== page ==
[0042]FIG. 7 is a graphical representation of a sparse channel in accordance with the present invention. In this illustration, a multiple path communication channel includes only 4 paths, which are indicated by the vertical arrowed lines. As is also shown, the energy of the multiple paths is separated in time by a relatively substantial amount. As such, between each energy pulse corresponding to the multiple path channel there are large amounts of insubstantial energy. Accordingly, the generation of the equalizer only needs to compensate for the channel where there is significant energy. Accordingly, where there is insignificant energy in the channel estimate, the corresponding taps of the equalizer may be zero. As such, a long filter for a sparse channel which may require thousands or tens-of-thousands of taps to accurately filter a multiple path channel, may only have 30-40 non-zero taps. Accordingly, the equalizer may be configured and hence constructed, to include a minimal number of multipliers (e.g., 30 to a couple of hundred) while still providing accurate channel estimation, tap computation, equalization for long filters.

[0043]FIG. 8 is a schematic block diagram of an equalizing module 32 and/or 34 of FIG. 6. Note that if the channel equalizer 10 is implemented as a linear equalizer, the equalization module 14 may be implemented as illustrated in FIG. 8. In this illustration, the equalizing module includes a plurality of delay elements (Z−1), a plurality of multipliers, and a plurality of adders. In this illustration, there are substantially less multipliers and adders than there are delay elements. In particular, the equalizing module may be configured to provide the multipliers and corresponding adders at non-zero taps of the equalizer. The zero taps are implemented by a delay block. For example, if the 1st 100 taps of the filter have a zero coefficient, the equalizing module would begin with 100 delay elements before including a multiplier.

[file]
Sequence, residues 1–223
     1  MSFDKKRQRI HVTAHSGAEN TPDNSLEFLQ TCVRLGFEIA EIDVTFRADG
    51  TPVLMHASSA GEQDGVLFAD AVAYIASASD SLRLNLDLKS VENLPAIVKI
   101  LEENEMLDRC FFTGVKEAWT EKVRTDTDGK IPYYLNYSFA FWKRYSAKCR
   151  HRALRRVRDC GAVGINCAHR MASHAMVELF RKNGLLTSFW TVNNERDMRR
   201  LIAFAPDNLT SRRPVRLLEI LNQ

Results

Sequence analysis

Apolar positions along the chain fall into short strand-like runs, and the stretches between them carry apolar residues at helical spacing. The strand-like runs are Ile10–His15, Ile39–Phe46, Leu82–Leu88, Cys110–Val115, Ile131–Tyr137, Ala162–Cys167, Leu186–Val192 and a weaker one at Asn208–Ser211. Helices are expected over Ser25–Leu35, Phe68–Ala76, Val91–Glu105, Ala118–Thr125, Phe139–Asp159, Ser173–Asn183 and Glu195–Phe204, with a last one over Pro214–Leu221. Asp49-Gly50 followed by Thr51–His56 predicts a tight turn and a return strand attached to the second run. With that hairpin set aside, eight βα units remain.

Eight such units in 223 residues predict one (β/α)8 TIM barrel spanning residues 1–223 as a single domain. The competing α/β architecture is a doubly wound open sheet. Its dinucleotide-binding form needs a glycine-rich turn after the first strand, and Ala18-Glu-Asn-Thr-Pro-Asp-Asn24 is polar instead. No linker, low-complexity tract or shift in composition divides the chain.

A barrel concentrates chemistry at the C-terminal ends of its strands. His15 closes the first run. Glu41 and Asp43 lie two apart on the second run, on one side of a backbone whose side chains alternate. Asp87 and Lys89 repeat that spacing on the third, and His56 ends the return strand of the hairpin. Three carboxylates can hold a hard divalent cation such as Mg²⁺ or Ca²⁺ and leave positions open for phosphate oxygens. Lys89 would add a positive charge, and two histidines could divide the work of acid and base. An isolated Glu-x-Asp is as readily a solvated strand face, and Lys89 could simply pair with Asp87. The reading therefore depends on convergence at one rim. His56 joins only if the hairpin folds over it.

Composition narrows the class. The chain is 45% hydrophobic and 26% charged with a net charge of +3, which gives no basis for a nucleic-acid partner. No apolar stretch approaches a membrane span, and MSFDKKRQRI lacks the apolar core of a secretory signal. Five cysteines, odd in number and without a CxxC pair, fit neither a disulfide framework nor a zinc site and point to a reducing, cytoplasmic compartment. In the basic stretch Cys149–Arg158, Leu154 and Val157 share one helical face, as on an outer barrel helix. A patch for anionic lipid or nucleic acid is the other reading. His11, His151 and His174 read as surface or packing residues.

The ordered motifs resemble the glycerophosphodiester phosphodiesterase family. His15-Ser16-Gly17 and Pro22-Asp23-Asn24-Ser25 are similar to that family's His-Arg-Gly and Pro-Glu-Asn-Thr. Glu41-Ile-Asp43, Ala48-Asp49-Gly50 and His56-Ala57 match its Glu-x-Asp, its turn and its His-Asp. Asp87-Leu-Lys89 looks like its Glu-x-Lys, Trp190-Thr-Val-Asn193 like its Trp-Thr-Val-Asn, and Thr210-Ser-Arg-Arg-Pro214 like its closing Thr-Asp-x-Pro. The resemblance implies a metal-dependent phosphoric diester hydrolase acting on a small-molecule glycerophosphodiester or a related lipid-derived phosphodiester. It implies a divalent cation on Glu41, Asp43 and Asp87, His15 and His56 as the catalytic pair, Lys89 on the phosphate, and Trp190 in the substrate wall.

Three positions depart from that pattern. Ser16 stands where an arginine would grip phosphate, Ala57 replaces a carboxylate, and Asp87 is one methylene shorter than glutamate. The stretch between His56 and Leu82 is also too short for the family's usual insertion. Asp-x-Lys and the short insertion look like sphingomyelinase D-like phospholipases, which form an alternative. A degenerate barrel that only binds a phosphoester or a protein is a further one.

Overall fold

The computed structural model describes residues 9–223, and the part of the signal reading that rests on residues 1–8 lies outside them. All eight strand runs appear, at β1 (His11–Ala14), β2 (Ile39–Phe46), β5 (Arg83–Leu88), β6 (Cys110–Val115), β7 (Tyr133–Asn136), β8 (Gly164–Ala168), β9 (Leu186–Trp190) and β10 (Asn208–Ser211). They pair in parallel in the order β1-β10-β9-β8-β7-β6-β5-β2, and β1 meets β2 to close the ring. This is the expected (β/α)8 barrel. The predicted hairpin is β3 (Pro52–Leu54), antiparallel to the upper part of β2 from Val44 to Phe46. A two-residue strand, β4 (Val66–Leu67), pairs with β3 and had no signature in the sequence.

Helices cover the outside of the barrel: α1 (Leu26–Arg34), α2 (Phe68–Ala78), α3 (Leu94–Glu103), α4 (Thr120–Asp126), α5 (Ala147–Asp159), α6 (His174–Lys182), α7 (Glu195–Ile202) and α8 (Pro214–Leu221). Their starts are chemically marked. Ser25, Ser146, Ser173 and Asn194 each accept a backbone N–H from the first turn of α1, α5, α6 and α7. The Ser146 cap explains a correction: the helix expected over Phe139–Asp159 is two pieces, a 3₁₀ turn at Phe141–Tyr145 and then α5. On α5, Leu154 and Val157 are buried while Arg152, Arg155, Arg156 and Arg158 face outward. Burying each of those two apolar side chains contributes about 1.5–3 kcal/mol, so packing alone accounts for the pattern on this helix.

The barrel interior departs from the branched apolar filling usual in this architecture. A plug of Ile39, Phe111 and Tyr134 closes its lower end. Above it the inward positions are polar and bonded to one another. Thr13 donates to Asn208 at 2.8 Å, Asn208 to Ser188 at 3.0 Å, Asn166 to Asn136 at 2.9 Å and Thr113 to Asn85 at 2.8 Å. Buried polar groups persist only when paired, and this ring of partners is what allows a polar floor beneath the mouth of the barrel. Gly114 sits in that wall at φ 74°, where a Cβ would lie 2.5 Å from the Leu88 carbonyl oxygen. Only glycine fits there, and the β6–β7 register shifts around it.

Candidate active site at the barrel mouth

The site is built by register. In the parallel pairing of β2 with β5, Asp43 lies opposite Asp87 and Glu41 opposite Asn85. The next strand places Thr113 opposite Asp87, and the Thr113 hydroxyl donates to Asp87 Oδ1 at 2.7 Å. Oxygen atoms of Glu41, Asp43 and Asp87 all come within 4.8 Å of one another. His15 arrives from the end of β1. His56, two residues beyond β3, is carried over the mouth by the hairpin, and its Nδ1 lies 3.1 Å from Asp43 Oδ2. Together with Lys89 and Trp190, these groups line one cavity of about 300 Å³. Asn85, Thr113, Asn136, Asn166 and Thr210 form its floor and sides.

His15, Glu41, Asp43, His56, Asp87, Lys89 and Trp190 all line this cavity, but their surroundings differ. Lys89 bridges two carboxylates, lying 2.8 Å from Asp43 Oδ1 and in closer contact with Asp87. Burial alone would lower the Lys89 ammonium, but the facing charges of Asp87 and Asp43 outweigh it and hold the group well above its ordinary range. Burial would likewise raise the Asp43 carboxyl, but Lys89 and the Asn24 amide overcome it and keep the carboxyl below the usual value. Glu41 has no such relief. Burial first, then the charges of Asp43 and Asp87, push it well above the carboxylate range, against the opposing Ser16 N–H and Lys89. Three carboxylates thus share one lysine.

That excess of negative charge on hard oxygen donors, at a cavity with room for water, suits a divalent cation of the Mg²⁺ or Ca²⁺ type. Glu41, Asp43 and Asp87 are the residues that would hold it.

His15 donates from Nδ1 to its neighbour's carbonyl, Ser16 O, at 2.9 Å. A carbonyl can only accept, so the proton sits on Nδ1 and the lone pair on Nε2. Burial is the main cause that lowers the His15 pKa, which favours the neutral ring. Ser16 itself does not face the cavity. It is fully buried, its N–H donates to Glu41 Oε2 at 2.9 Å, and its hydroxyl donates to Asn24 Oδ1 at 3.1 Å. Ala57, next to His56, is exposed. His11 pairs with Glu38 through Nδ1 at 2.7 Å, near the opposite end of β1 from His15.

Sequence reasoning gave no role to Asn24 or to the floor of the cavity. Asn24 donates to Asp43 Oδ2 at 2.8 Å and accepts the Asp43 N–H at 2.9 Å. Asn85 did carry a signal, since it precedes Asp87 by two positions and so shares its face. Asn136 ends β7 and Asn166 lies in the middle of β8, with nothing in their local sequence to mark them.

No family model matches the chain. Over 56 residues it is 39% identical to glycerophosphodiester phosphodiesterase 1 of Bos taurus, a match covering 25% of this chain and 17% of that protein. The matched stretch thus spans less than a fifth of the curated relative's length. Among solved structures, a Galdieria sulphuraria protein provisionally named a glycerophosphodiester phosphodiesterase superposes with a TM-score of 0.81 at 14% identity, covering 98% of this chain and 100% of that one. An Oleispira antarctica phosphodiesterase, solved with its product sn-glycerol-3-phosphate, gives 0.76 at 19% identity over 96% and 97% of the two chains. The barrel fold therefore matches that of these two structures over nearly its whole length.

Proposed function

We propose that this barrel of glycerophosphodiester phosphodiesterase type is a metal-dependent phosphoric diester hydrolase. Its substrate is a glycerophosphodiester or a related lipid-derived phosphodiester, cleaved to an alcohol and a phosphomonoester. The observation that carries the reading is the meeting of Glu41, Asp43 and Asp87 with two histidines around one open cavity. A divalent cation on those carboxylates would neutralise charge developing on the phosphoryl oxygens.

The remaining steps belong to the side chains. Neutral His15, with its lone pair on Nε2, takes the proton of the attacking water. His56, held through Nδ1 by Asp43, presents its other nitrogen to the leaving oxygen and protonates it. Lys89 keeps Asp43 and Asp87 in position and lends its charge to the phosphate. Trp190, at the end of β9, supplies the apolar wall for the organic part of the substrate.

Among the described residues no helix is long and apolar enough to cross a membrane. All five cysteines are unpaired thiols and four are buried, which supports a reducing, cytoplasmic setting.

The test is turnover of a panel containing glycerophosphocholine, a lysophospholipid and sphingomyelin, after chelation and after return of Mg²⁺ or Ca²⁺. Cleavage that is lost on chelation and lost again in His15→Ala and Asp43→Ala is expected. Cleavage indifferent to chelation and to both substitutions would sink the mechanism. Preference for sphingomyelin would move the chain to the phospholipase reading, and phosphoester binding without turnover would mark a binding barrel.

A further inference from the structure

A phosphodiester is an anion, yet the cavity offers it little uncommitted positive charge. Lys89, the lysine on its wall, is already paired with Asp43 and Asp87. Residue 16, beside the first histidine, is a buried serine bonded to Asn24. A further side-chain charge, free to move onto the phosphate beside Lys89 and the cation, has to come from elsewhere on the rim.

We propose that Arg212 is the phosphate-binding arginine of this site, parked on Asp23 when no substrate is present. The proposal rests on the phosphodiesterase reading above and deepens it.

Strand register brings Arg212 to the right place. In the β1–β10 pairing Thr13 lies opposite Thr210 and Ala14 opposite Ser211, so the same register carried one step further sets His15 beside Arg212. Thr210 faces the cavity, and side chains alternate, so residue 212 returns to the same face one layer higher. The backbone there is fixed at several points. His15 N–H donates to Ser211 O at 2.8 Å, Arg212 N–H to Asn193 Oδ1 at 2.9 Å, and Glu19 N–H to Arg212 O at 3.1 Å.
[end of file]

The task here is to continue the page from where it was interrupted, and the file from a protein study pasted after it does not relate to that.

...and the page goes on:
[0044] For the 1st non-zero coefficient (C1), the output of the corresponding delay element would be multiplied by the coefficient wherein the product of the multiplier would be summed with the next multiplication of a coefficient with the delay line.

[0045] Such an equalizing module may be configured based on the positioning of the non-zero equalizer taps. As such, such an equalizing module only requires a limited number of multipliers which, when implemented as an integrated circuit, substantially reduces the die area requirement in comparison to equalizers that have a multiplier for each tap. In addition, since a significant number of the taps are zero or negligible, the equalizer of the present invention suffers no, or little, loss in accuracy when computing the channel estimate, taps, and/or performing the equalization in comparison with equalizers that have multipliers for each tap. As one of average skill in the art will appreciate, the delay line may be tapped at any number of locations, based on the number of multipliers provided within the equalizer to achieve the equalization of a sparse channel in accordance with the present invention. Accordingly, the number of multipliers included within the equalizing module depends on the sparseness of the channel. The more sparse the channel, the less multipliers needed, and conversely, the less sparse the channel, the more multipliers needed.

[0046]FIG. 9 is a schematic block diagram of an apparatus for sparse channel estimation and/or for equalizer coefficient determination from a sparse channel estimate. The apparatus 50 includes a processing module 52 and memory 54. The processing module 52 may be a single processing device or a plurality of processing devices. Such a processing device may be a microprocessor, micro-controller, digital signal processor, microcomputer, central processing unit, field programmable gate array, programmable logic device, state machine, logic circuitry, analog circuitry, digital circuitry, and/or any device that manipulates signals (analog and/or digital) based on operational instructions. The memory 54 may be a single memory device or a plurality of memory devices. Such a memory device may be a read-only memory, random access memory, volatile memory, non-volatile memory, static memory, dynamic memory, flash memory, and/or any device that stores digital information. Note that when the processing module 52 implements one or more of its functions via a state machine, analog circuitry, digital circuitry, and/or logic circuitry, the memory storing the corresponding operational instructions is embedded with the circuitry comprising the state machine, analog circuitry, digital circuitry, and/or logic circuitry. The memory 54 stores, and the processing module 52 executes, operational instructions corresponding to at least some of the steps and/or functions illustrated in FIGS. 10-12.